Year’s Best of Music
Stephanie DePrez | Thursday, May 14, 2009
Music this year had successes in many genres. From Britney Spears and Beyonce to Death Cab and The Decemberists, established artists’ new albums led to most welcome successes. Soundtracks made a comeback, bolstered by the “Twilight” sensation.
Television and commercial placement brought new artists to the forefront, thanks to the likes of “Gossip Girl” and Mac computers. Overall, big stars made big bucks, and new artists realized that ancillary markets may be the place to start.
Big hits in the world of R&B included Beyonce’s schizophrenic album “I am … Sasha Fierce.” There’s nothing like an alter-ego to shake up your musical look.
Hits like “Single Ladies” have fueled a new dedication to learning the music video-specific dance. Other dance-floor hits from the year include T.I. & Rhianna’s collaboration “Live Your Life” (is that really the Numa Numa song?) and the ever-popular Band of the Fighting Irish number, “Shake It” by Metro Station. There’s nothing quite like a frisky tuba section to get the blood flowing at a football game.
Other accolades go to the lyric-shifting antics of Akon’s “Right Now (Na Na Na)” who just wants to “make up right now,” according to your local FCC affiliate (not “make love”). And who could have missed the lyrical genius of that music maven Spears, who’s got everyone begging to “If You Seek Amy.” Right.
Indie rock also had solid success this year, including the release of a new Death Cab for Cutie album last summer. The most recent hit has been the album “Hazard’s of Love” by The Decemberists, which has been slowly working its way into the minds and hearts of hard-core and casual listeners alike.
Coldplay, known for main-stream rock, nettled their way into the indie-psyche with the mega-hit “Viva La Vida” and the now-ubiquitous title-track.
Musical product-placement has been a boon to many new artists this year. Bon Iver’s quasi-hit album “For Emma, Forever Ago” has songs that have made it into a slew of other venues, including the TV show “House” and the compilation album for AIDS awareness, “Dark Was the Night.” Yael Naim, though barely recognized for her name, wrote herself a household tune with the song “New Soul” that was featured in the commercials for Macbook Air.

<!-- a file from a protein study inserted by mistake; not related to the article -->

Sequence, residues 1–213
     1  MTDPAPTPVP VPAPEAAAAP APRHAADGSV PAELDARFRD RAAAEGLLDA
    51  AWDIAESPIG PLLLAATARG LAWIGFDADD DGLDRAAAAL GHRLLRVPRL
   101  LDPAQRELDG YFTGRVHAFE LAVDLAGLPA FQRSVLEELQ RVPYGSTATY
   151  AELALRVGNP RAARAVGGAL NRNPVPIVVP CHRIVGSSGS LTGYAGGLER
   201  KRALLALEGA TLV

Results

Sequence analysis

Few have heard of Orba Squara, but they wrote the song in the iPhone commercials, called “Perfect Timing,” which anyone who has been within a 10-foot radius of a television in the past eight months has heard.
“Twilight” has done wonders for every artist or band featured on the movie soundtrack, including Muse, which received prime placement in the film’s stylized baseball scene.
Any record of the year in music would be fool not to mention the two leading ladies of self-indulgent pop-sensation: Taylor Swift and Miley Cyrus. The former’s utterly inescapable “Love Story” was featured in the Keenan Review (cleverly reincarnated as “Hook-Up Story”) and was used in a least one actual marriage proposal on campus (so far). (“It’s a ring by spring story, she’s already said yes!”)
Cyrus starred in the “Hannah Montana” movie, which featured the new song “The Climb,” with lyrics that are disturbingly appropriate for anyone graduating this year.
Music flowed through campus in all the right venues this year, with the latest dance beats spinning at Hip-Hop Night, up-and-coming indie outfits headlining at Legends and 90s throwbacks being pumped through South Dining Hall. Special thanks go to the Band of the Fighting Irish for rekindling campus love for Bon Jovi, whose cameo was the highlight of pep rally appearances. The latest and long-forgotten acousti-hits were showcased at Acousti-café all year long. Broadway managed to tap into the campus psyche at least once a semester with help from the likes of PEMCO and Fortnight Productions. Overall, it was a successful year in musicdom here under the Dome.